Before you know it, your teenager will need to fly somewhere by his or herself. Do they know what to do? Now’s a great time to start teaching this move out skill.
Traveling on Your Own
Let them shadow you. Next time you travel together, make your teenager your apprentice through each part of the process. Letting them share responsibility for each step as it happens is an easy way for teenagers to learn the ropes of flying and to build confidence that they’ll be able to do it alone in the future.
Get there early. Teens should know to arrive at the airport 90 minutes before the scheduled departure time (more if it’s an international flight.) to allow time to clear security, check bags, and check in for their flight. Teenagers may not have developed a strong sense of punctuality, but timing is crucial. Explain that the first thing they should do is get through security and find the gate. Grab a snack or go to the bathroom after they arrive at the gate so they don’t lose their seat or miss their flight.
Have Your id
Memorize basic flight information. This includes the airline, gate number, departure time, estimated arrival time, and seat assignment. Encourage them to write this down on a card, and stick it in a zipper pocket of a jacket or purse, as their phone will be turned off in flight.
Bring identification. According to the TSA, passengers under 18 are not required to have identification for most flights within the continental United States (check with the specific airline to be sure), but it’s good to have as an extra safety precaution. If your child is old enough to have a driver’s license, bring it along. Even a student ID card is better than no identification at all. For international flights, every traveler, including minors, must have a passport that does not expire for at least an additional six months from the travel date. Remind your teenager to check the expiration date well in advance.
Getting Through Security
Be efficient at the security checkpoint. Teach your teenager what to expect going through security, so it’s less stressful when they do it alone. They should observe other passengers in front of them and listen to instructions while waiting in line. Teens should know the basics: Remove your shoes and jacket before you get to the conveyor belt in security. Load all belongings into a bin, including any loose change or keys in your pockets, and place the bin on the conveyer belt. Wear clothing and shoes that are easy to get through security: Limit belts, jewelry, and lace-up shoes. Double check when leaving security to ensure nothing is left behind.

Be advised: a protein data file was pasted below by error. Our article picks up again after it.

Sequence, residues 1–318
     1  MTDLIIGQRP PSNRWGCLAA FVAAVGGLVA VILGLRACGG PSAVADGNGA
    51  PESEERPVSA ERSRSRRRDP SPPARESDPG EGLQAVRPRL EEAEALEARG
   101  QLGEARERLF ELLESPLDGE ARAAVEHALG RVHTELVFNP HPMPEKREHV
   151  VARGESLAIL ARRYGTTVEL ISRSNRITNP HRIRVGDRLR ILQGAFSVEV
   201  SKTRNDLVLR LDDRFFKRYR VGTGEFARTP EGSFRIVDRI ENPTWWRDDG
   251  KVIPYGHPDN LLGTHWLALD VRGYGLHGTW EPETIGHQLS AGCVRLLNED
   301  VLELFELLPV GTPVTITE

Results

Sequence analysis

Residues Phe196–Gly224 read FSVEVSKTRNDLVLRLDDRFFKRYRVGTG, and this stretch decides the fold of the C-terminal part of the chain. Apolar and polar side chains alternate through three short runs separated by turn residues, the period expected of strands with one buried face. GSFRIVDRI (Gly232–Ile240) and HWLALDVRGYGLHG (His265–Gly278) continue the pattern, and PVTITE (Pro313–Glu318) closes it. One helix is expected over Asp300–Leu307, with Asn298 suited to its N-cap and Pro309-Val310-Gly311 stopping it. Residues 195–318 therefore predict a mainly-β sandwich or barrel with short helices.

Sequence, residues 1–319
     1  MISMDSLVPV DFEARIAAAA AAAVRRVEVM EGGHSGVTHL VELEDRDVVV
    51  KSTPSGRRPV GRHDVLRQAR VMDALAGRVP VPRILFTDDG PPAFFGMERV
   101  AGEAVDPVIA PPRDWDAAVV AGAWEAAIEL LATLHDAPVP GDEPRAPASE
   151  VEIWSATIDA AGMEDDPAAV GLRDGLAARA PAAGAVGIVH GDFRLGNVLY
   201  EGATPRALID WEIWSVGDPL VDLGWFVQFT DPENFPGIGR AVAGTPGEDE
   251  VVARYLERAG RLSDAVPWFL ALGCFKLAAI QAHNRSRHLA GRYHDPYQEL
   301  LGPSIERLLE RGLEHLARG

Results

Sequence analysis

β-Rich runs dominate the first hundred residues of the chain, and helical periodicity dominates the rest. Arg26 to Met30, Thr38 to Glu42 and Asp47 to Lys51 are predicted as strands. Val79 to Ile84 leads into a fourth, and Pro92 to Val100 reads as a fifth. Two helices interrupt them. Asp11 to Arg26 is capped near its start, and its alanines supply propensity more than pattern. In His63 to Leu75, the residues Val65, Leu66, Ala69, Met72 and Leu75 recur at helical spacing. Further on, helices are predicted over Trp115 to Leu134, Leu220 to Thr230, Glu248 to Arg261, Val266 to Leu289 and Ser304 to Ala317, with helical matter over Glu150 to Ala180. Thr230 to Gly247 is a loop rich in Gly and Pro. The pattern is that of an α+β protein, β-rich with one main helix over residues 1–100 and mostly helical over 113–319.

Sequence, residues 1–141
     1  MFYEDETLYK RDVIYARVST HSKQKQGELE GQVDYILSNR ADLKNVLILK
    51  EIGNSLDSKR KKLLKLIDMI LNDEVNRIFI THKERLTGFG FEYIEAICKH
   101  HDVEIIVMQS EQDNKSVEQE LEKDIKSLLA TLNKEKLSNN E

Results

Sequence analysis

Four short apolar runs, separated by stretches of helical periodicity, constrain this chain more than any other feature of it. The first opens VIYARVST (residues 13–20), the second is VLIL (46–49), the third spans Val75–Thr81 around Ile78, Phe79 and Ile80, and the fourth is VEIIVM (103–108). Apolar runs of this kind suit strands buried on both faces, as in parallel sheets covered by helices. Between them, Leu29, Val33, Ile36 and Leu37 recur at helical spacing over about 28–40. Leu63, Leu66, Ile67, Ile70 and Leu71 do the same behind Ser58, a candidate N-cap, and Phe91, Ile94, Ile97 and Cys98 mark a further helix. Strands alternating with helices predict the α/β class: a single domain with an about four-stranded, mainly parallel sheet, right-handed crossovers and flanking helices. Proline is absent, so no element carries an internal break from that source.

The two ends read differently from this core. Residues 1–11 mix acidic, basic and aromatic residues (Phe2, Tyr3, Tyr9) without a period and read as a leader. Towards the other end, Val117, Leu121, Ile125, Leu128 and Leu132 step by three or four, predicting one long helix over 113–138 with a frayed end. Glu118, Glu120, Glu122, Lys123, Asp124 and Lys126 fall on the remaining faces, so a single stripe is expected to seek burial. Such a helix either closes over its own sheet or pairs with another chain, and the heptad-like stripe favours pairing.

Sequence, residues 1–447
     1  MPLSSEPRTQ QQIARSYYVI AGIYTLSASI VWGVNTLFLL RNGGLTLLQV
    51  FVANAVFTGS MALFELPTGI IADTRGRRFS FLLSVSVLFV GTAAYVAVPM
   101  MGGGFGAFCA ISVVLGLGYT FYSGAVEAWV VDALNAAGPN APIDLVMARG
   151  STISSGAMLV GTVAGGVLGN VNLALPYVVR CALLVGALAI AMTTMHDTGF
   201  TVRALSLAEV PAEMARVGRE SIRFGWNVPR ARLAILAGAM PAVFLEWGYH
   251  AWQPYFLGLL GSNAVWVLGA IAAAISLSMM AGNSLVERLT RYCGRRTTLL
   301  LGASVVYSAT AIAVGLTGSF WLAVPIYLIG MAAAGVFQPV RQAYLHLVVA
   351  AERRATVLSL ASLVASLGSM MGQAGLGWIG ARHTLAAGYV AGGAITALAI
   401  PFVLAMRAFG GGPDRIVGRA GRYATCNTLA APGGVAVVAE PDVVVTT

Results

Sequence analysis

Travel lightly, with minimal luggage. Not only can extra baggage cost big bucks, it can cause delays at the airport and slow down your teenager’s navigation through the airport before and after the flight.
Plan ahead for the actual flight. Your teenager should download music, movies, or books on their phone or tablet ahead of time. They may not realize that Wi-Fi may cost money—or be unavailable—during the flight. And they should charge their devices fully and bring a charger cord. Finally, they should pack or plan for in-flight food; some airlines have very limited options if the passenger did not order and pay for a meal ahead of time.
Prepare for snafus. Delays and cancellations happen, and flights and connections get missed. Discuss ahead of time what your teenager should do in these cases. Usually, they should ask for help from airline employees. Lastly, be prepared with a charged phone, snacks, and a small amount of money.